Clarke launches his own academy
Michael Clarke's short-term goals were made clear this week: regain the No.1 Test ranking after South Africa claimed it back on Monday. His long-term aims are somewhat more grandiose: help Australian cricket move in the right direction "for the next 10, 20, 30 or 40 years". "I might not be able to help that at all," he says, "but if I can, I'm going to try."
That is thinking behind the Michael Clarke Cricket Academy, which Australia's captain launched in Sydney on Thursday. He describes the concept as "a finishing school for young cricketers". Yes, they will train like Clarke, following his own personal regime during a five-day camp. Yes, there will be coaches to help them with their on-field skills.
But Clarke wants his academy to provide more than that for the 13- to 18-year-olds likely to form most of the intake. The high standards that Clarke the captain sets within the Australian setup will translate to the academy.
"There's a lot that I had no idea about when I walked onto the Australian stage," Clarke said at the launch in Sydney. "To this day I've never had media training. I was fortunate I went to a school where I had to wear a tie, so I had to learn how to put a tie on, but there's guys in the current Australian team that don't know how to do a tie up.
"I believe the playing part is about 40% of what goes with being an international sportsman these days. I think there's a lot of stuff from the outside world, media training, speaking in front of people, presenting yourself in the right way, understanding and accepting that if you're lucky enough to play international sport you are a role model.
"Whether you like it or not, if there's one boy or girl who looks up to you, then you're a role model. I think if you can learn that from a young age, you're in a much better place than getting there and thinking, oh my god, is this what comes with it."
Notably, the values listed on the academy's website include the line that "negative attitudes are banned", and that "if you're not exhausted both physically and mentally at the end of each day … you're doing it wrong and we will call you on it". The standards at Clarke's academy, as they were in Clarke's team during the "homework" saga in India last year, will be high.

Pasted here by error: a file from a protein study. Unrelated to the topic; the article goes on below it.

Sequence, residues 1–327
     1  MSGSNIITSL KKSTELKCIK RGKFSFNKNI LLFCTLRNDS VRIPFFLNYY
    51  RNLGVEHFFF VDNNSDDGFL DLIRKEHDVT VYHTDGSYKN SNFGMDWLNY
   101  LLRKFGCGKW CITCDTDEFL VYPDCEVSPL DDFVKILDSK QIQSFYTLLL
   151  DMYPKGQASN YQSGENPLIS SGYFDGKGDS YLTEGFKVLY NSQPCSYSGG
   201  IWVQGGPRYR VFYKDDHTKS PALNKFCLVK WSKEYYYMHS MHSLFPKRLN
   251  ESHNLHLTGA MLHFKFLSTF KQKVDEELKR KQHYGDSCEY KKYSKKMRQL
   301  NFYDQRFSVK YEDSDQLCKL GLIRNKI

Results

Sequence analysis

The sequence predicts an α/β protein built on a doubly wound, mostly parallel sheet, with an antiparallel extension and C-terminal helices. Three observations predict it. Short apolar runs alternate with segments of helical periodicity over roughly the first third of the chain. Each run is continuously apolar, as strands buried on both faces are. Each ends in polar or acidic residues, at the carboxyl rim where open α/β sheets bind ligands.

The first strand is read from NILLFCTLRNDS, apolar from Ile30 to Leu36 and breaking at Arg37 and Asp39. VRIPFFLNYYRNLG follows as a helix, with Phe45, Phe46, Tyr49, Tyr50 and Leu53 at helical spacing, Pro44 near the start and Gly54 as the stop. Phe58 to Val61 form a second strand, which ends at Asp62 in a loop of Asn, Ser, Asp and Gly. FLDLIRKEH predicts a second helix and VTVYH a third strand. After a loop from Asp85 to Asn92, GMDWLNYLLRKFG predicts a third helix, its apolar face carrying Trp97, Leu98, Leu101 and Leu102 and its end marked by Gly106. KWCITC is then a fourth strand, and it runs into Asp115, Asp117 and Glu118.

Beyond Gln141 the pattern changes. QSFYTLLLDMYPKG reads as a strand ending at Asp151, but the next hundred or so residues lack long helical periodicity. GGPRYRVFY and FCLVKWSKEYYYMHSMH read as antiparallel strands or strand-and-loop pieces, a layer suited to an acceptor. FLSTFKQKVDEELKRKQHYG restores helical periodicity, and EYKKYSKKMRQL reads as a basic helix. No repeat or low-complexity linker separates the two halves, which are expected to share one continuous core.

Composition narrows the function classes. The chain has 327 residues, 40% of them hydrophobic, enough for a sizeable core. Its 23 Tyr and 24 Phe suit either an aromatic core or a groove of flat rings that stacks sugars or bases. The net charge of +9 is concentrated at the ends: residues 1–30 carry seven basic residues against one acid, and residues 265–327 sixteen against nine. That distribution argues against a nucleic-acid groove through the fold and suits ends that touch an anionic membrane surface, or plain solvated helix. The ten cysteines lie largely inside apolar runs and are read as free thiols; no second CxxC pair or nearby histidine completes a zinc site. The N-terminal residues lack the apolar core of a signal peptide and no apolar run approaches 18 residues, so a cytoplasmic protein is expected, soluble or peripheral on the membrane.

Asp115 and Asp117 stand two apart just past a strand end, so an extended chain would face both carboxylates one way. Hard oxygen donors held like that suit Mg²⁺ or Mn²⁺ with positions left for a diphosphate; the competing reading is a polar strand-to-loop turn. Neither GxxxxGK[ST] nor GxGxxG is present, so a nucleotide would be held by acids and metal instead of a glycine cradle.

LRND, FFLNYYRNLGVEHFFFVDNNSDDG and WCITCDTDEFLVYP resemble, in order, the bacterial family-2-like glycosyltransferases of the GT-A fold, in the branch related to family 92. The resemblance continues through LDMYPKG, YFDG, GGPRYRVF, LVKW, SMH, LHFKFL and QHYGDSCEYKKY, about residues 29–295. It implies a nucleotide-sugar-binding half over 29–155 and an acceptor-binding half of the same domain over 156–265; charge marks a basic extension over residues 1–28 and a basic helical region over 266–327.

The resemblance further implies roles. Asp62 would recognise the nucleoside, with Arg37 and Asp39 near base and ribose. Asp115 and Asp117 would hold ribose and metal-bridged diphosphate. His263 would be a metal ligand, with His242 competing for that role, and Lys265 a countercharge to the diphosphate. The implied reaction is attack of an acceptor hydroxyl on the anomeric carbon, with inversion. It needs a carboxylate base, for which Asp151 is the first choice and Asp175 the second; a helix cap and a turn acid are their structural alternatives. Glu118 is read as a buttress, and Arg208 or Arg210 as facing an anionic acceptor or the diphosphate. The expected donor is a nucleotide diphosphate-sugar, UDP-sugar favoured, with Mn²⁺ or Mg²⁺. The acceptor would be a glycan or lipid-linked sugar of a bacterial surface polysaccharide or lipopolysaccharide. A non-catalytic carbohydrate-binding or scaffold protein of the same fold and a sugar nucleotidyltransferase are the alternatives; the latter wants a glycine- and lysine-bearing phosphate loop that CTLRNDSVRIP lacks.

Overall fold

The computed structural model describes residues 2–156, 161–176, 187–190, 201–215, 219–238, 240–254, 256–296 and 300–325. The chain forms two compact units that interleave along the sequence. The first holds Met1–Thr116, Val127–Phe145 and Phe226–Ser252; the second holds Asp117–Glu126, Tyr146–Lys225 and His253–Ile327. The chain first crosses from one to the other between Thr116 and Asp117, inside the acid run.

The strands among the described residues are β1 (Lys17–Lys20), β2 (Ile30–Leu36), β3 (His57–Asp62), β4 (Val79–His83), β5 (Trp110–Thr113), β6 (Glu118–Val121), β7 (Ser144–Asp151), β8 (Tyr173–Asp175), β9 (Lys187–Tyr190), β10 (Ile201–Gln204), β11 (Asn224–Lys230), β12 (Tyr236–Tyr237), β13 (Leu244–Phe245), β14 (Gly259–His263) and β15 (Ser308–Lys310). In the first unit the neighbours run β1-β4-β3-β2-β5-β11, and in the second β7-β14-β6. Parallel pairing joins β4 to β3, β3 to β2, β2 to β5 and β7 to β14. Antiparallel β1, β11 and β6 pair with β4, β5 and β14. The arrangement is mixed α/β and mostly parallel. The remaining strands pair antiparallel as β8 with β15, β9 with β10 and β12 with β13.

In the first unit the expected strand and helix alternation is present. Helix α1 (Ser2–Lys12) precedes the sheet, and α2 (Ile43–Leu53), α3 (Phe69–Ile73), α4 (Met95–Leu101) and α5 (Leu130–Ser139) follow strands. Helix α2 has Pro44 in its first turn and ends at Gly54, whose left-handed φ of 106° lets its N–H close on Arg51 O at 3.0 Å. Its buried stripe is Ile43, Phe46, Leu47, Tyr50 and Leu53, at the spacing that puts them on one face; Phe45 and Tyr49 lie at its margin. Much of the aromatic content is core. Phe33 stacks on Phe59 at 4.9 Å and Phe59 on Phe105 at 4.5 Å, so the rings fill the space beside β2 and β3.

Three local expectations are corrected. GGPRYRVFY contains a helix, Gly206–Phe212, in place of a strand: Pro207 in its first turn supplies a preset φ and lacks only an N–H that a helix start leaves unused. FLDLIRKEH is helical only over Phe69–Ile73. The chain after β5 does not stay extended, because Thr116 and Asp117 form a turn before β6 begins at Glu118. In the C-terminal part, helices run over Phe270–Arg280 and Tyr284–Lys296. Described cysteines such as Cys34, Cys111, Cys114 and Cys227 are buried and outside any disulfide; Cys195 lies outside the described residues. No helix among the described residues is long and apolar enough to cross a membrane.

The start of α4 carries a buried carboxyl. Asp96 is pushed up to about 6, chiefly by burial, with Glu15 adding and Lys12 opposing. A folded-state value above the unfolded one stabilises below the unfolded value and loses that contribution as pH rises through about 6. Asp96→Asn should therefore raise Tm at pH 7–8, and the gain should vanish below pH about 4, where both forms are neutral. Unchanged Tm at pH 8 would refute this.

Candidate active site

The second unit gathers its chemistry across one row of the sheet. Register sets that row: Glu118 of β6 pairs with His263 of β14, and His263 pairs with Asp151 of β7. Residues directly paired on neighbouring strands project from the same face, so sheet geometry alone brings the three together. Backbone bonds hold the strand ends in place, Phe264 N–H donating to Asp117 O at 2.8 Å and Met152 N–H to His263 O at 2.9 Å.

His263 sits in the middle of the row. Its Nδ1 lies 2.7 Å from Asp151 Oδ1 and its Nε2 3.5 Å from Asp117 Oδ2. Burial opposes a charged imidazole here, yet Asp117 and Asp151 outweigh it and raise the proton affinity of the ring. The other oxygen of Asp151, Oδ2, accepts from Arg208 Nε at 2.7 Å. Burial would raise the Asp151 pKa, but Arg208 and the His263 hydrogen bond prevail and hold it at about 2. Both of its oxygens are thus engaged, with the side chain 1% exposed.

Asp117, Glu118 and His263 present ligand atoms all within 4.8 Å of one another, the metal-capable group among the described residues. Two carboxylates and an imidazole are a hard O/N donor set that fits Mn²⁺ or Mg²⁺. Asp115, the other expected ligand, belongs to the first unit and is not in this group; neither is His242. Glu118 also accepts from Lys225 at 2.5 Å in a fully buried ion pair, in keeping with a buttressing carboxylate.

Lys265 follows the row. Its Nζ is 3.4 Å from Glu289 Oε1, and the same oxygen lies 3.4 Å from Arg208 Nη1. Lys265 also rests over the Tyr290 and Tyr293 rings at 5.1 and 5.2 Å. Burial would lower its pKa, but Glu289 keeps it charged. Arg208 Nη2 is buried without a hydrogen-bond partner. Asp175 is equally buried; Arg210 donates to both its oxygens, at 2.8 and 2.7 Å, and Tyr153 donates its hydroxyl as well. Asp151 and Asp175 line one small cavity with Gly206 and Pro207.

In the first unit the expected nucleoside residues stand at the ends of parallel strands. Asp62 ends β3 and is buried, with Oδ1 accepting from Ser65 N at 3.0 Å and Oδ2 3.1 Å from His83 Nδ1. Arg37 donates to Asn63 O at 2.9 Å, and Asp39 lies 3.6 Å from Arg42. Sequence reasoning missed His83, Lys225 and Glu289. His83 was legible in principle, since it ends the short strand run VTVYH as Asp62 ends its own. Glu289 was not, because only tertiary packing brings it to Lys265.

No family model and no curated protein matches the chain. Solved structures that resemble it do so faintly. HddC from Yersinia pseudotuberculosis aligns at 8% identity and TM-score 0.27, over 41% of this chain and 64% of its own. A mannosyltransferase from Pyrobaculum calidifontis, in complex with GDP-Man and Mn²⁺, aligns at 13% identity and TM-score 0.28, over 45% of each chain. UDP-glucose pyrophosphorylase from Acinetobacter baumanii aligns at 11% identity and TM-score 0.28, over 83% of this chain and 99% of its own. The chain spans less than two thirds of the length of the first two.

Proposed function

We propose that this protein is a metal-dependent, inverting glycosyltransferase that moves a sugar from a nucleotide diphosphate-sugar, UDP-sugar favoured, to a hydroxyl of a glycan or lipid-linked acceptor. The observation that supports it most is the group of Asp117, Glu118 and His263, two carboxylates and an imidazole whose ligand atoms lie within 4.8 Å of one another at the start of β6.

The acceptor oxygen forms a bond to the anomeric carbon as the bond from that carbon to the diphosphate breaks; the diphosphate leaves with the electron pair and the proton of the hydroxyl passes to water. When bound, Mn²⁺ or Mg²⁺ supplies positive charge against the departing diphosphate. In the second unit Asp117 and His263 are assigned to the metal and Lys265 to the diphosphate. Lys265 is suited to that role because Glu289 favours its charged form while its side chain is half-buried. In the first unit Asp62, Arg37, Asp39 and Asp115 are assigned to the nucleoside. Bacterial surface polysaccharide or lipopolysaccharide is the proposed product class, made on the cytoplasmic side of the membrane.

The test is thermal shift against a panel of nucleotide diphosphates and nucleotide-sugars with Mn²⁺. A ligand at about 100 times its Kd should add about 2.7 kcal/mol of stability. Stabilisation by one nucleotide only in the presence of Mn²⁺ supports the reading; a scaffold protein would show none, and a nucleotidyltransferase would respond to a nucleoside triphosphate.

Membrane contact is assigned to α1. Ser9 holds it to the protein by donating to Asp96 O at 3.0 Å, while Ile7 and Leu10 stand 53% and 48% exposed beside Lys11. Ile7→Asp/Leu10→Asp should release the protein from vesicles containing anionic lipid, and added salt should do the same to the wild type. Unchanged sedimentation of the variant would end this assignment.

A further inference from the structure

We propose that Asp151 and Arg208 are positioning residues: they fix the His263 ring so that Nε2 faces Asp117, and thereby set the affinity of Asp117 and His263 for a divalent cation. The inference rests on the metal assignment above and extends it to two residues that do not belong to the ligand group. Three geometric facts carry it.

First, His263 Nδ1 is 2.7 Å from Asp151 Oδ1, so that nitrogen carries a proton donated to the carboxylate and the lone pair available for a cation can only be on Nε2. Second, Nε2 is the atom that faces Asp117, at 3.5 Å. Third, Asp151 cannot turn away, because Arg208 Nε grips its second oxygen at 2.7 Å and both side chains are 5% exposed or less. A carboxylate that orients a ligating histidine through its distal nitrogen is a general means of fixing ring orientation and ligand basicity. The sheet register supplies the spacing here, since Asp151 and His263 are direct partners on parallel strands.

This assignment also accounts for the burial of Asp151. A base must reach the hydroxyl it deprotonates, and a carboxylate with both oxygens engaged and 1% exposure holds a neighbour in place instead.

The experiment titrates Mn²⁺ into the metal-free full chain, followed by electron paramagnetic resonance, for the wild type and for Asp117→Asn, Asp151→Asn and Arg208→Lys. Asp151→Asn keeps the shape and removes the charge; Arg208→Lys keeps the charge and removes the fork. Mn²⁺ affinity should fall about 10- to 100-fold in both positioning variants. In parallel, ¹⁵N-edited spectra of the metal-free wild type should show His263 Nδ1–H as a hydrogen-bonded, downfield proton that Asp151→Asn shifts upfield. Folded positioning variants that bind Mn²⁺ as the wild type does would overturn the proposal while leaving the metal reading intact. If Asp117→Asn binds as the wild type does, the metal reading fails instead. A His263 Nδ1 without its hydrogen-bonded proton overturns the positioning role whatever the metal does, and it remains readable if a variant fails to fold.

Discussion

"I wish I'd had that guidance at a young age, to open my eyes to it," Clarke said. "I guess probably after being dropped [from the Test team] I realised that a big part of why I got dropped was because my priorities changed. My preparation was no longer my No.1 priority.
"A big part of this is hopefully trying to help these kids learn from my experiences. Hopefully they don't make the same mistakes. Hopefully they can see things earlier and clearer than what I did."
Although Clarke's ultimate goal is to build an academy facility at Berrima in the Southern Highlands of New South Wales, for the time being his academy will run from Sydney, with the first five-day live-in camp beginning in late September.
The aim is to run four camps per year in Sydney during school holiday periods, with coaches including Clarke's father Les, former Test spinner Beau Casson, and former Australia women's captain Lisa Sthalekar. Clarke's own availability will depend on his international commitments. His immediate Test priority is leading Australia to victory against Pakistan in the UAE, which could help his men move back towards the top of the Test table.
"We always knew when we became No.1 in the world, we knew it was so close that there was an opportunity when South Africa played before us and they won that it could go back to them," Clarke said. "I think it's probably a really good sign of where Test cricket is at. A lot of teams are so close to each other and you have to play your best at every opportunity.
"We've got some tough cricket ahead of us in all formats. That's the way it goes. I'm really excited that we were able to get to No.1. I guess what it does do is it clears our goal up very much so - we want to be the No.1 team in the world."
They are the kind of goals - getting the best out of the team and each individual in it - that Clarke wants to instil in his academy students.
"I want both boys and girls to be able to walk out of there and say 'I've learnt a lot about trying to become a better person and a better cricketer'," he said. "There's certainly no guarantees that everybody who goes to the academy is going to go on and play at the highest level, but if we can get the best out of them individually, we've had an impact."
Brydon Coverdale is an assistant editor at ESPNcricinfo. @brydoncoverdale